http://lists.openstack.org/cgi-bin/mailman/listinfo/openstack-dev

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responded Oct 7, 2014 by Dmitriy_Shulyak (2,540 points)   4 8
0 votes

Hi Dmitry,

In 1st case - in tasks we will introduce simple conditions (in
description or in python code of the plugin):

You will be able to do it in the same way in case of 2nd solution.
I mean there is no constraints on conditions defining.

Also, we should not forget about CLI

In case of cli we can provide special parameter and user will be able to
create env with specific plugins.

Thanks,

On Tue, Oct 7, 2014 at 6:51 PM, Dmitriy Shulyak
wrote:

Hi, I would use 1st option.
Consider plugins which is mutually exclusive, and you need to disable
default tasks if plugin is selected.

As example:
- neutron backend plugins

neutron_backend:
choices:
- ovs
- contrail
value: ovs

Right now we are using ovs as neutron_backend, but what we will need to do
if plugin will provide completely different backend, as contrail?

In 1st case - in tasks we will introduce simple conditions (in description
or in python code of the plugin):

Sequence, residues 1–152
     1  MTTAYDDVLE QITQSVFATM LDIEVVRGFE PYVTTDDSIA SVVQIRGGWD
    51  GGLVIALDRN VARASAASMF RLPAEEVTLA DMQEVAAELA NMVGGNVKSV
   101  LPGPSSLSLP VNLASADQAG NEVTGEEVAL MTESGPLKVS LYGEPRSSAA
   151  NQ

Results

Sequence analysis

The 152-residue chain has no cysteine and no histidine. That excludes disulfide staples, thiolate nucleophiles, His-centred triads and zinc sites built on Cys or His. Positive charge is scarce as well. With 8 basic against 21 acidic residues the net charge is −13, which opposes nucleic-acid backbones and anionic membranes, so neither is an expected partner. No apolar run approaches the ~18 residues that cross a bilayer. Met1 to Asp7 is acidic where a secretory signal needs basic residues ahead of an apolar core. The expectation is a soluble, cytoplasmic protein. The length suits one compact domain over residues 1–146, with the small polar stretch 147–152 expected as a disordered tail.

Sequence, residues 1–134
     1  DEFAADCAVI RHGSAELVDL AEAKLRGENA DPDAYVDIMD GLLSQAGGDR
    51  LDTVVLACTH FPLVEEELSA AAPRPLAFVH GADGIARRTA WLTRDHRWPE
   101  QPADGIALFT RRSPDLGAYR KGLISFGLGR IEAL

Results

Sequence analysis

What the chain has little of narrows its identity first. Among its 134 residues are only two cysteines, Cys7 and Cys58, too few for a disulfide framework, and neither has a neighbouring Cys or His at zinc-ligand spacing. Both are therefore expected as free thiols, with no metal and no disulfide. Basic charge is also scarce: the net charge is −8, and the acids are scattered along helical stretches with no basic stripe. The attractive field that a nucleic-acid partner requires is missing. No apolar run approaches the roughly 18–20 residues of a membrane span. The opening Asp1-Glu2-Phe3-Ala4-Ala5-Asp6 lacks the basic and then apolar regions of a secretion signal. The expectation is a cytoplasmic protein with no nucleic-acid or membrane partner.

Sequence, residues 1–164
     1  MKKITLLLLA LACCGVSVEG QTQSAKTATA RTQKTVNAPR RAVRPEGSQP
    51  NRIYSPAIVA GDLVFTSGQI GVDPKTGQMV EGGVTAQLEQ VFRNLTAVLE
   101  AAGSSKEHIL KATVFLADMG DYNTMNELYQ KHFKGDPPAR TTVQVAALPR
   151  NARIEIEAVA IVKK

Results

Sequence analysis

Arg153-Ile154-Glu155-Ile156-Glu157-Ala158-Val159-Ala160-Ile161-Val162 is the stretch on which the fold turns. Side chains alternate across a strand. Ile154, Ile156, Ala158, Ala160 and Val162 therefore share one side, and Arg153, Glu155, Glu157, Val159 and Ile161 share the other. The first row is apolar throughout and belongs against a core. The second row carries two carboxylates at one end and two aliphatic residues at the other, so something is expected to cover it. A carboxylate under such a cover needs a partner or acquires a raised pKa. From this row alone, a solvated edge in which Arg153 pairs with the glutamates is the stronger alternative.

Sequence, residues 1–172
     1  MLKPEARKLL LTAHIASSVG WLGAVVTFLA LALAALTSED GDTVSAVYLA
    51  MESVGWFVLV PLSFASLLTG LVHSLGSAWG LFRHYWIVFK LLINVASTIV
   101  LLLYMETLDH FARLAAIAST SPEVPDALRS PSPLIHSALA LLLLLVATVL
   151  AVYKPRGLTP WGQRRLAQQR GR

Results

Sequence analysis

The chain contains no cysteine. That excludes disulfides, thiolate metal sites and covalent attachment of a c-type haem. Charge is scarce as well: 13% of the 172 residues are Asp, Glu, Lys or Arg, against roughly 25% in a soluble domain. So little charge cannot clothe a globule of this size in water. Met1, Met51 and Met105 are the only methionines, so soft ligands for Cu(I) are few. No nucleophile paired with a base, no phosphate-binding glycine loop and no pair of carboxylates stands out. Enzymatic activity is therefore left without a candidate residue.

condition: 'ovs == cluster.attributes.neutron_backend' - for default
workflow

condition: 'contrail == cluster.attributes.neutron_backend' - contrail
plugin workflow

And if we need to exclude some task from workflow - simply select another
value from drop down list.
I believe same applies for glance/cinder backends (lvm/ceph, swift/ceph).
Atleast we are managing them this way right now.

Also, we should not forget about CLI.
I can easily imagine how operator downloads cluster config (big cluster
attributes file) and modifies it accordingly to turn on specific plugins.
How we will manage plugins from cli if plugins will be managed from
wizard?

On Tue, Oct 7, 2014 at 5:17 PM, Evgeniy L wrote:

Hi,

We had a meeting today about plugins on UI, as result of the meeting
we have two approaches and this approaches affect not only UX but
plugins itself.

1st - disable/enable plugin on settings tab

  1. user installs the plugin
  2. creates a cluster
  3. configures and enables/disables plugins on settings tab

For user it will look like Ceph plugin checkboxes on settings tab,
if he enables checkbox, then we pass the parameter to orchestrator
as true.

Cons:

  • plugin developer should define a checkbox in each plugin (for
    plugin disabling/enabling)
  • on the backend we have to enable all of the plugins for